Uterine fibroids are growths that can develop in the wall of the uterus. They are not cancerous. While fibroids do not always cause symptoms, their size and location can lead to problems for some women, including pain and heavy bleeding.
The risk factors for fibroids include:
- Over age 40
- African American race
- Family history of uterine fibroids
- High blood pressure
- Low levels of vitamin D
- No history of pregnancy
Uterine fibroid embolization cuts off the blood supply to uterine fibroids, causing them to shrink and symptoms to subside. Fibroids eventually die. This procedure can prevent the need for a hysterectomy, allowing patients a much faster recovery.
The same procedure can be used to stop life-threatening postpartum bleeding; in these cases it is known as uterine artery embolization.
Studies have shown that uterine fibroid embolization is safe and effective. The American College of Gynecology states that the procedure is “a safe and effective option” for the treatment of uterine fibroids. And many insurance plans cover it.
Common Questions About Uterine Fibroid Embolization::
Will this procedure require hospitilization?
- This procedure typically requires an overnight stay in the hospital for pain control.
Will I have pain following the procedure?
- Pelvic discomfort can be severe the day of and night of procedure. You will have a way
- to give yourself pain medication on demand as needed. Most patients can control their
- pain with oral medications by mid-morning the day following the procedure. Our goal is
- to discharge you by noon the day after procedure.
What do I have to do to be discharged from the hospital?
- You must pass urine after your urinary catheter is removed.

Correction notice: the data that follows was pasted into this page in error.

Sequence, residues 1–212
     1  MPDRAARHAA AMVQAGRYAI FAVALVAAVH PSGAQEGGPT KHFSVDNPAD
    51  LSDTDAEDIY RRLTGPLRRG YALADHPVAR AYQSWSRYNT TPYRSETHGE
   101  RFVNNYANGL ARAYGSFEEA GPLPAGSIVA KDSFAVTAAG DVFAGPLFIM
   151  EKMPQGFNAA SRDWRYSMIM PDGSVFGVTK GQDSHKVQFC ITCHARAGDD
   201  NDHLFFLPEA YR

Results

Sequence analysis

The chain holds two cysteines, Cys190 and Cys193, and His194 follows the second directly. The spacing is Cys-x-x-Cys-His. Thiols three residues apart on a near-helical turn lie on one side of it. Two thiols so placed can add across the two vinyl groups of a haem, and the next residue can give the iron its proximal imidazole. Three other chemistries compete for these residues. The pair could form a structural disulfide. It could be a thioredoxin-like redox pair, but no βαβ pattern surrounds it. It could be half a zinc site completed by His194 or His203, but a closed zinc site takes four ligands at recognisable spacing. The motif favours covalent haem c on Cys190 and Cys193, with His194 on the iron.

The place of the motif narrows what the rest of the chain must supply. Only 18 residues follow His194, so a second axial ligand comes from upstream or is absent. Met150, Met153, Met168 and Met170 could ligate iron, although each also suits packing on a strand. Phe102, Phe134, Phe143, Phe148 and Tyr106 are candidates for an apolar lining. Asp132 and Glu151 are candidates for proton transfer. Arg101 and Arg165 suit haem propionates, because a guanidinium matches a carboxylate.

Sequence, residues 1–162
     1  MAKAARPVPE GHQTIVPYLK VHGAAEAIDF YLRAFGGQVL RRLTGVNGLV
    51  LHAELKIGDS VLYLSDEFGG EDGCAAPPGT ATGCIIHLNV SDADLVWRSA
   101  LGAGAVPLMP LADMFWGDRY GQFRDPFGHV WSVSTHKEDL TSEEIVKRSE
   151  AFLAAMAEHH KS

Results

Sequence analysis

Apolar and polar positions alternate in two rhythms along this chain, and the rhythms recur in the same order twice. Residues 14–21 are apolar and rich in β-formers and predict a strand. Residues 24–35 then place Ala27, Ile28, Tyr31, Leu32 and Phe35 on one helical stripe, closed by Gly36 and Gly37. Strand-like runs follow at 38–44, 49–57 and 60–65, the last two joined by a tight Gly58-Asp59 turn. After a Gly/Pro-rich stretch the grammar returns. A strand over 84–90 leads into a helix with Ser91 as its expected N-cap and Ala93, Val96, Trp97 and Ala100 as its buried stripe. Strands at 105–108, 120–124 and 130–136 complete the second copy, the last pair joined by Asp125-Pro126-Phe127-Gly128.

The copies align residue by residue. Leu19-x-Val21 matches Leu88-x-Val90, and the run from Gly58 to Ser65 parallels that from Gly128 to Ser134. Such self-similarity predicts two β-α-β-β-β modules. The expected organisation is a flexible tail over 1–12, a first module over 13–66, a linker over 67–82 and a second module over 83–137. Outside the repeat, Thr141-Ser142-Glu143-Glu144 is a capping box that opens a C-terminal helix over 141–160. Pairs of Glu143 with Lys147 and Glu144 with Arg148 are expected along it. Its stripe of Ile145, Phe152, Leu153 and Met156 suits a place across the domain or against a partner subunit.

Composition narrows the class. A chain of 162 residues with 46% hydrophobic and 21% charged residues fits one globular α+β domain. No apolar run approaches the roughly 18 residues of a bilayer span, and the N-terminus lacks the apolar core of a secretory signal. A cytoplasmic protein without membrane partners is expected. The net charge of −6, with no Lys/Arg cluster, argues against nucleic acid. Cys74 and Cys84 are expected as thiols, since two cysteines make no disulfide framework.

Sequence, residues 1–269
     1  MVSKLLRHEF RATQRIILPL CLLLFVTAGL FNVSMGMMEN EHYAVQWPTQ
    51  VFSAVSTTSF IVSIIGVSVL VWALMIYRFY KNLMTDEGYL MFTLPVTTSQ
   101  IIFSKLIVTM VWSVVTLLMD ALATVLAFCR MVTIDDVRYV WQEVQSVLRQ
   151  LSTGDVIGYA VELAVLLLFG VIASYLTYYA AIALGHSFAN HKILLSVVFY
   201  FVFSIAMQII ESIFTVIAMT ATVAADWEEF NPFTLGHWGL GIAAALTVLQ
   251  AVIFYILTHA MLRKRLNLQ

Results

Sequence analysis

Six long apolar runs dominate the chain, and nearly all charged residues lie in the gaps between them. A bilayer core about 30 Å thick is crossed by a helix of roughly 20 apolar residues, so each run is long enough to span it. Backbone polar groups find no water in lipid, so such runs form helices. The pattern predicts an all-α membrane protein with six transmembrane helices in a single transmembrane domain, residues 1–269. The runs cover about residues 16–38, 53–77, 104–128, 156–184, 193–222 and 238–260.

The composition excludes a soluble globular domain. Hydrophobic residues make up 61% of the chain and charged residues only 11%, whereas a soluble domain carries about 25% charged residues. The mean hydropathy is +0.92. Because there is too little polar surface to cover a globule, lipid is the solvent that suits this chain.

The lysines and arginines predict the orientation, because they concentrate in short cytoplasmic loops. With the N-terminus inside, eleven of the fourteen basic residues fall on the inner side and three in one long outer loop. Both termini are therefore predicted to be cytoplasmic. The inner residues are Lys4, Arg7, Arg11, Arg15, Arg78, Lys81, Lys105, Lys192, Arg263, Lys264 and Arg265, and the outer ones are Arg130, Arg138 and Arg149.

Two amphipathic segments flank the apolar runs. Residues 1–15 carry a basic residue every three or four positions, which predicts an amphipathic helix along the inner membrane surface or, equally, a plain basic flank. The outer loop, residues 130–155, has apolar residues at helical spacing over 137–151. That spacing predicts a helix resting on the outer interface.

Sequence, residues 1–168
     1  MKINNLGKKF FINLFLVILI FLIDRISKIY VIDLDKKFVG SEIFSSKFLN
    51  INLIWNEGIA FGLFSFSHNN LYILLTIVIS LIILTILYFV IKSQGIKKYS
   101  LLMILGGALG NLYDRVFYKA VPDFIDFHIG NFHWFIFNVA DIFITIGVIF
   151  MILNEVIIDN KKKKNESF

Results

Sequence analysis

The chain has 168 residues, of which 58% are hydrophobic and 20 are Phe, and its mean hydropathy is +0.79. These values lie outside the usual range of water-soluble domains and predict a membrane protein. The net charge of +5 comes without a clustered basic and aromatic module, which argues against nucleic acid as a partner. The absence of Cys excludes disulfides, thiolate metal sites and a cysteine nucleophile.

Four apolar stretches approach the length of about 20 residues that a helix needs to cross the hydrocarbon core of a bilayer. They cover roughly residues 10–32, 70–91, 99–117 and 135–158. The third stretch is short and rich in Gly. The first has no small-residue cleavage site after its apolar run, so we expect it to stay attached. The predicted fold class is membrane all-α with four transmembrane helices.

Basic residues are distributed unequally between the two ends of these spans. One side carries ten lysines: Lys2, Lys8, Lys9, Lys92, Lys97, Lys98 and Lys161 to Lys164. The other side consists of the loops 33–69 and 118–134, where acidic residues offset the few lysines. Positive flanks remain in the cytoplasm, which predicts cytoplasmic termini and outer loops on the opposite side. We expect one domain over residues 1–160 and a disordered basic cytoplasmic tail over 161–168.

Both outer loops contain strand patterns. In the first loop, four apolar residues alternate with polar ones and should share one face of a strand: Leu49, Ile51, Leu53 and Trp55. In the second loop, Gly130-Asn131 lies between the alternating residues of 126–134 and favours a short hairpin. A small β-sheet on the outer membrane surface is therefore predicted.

- You must be able to eat and drink without vomiting.
- Your pain must be under control with oral medications before discharge. We do not expect you to be pain free at the time of discharge. We expect you to take up to 10 days to be totally pain free.
Will I still have a period?
- The first menses after procedure can come early, on time, or may be delayed. It may be
just as heavy or heavier than your usual. It is common for our patients to need two to
three one with fewer bleeding days, a lighter flow and less clots.
- You will likely have clear, tan, or pink discharge for up to a month following the procedure. As long as there isn’t a foul odor you do not need to worry about this. If a foul odor occurs, please call VIVA to report this.
What happens to my fibroids after the procedure?
- The fibroids will slowly shrink after the procedure. In the 6 months following the
procedure they will become ½ of the original size. Some patients will pass small pieces
of fibroid tissue after the procedure as the fibroids waste away.
Do I have any activity restriction after the procedure?
- You should limit heavy lifting (over 25 pounds) for about 5 days due to the small incision in your hip area.
- We request nothing be placed in your vagina for 7 days after procedure. This includes tampons, douche and intercourse.
- You should not drive while you are on narcotics.
What medications will I have to take after I go home?
- Pain Medication- The primary pain medication when you go home should be ibuprofen (Advil, Motrin). You should take this 3 times daily with food as prescribed. If you have pain while taking the ibuprofen you may take the narcotic provided as prescribed. You should continue the ibuprofen for 1 ½ to 2 weeks to treat the inflammation caused by the procedure.
- Antibiotic-to prevent infection
- Stool Softener-to help with changes your bowels as a result of the pain medications you received during and after the procedure.
- Nausea medication-as needed.
What are the most common signs of complication?
- Severe abdominal pain that doesn’t go away with medications.
- Fever over 101.5
- Vaginal discharge with a foul odor.
When should I return to the clinic?
- 6-8 weeks following the procedure or sooner if any questions or concerns arise.
Virginia Vascular and Interventional Associates
Society of Interventional Radiology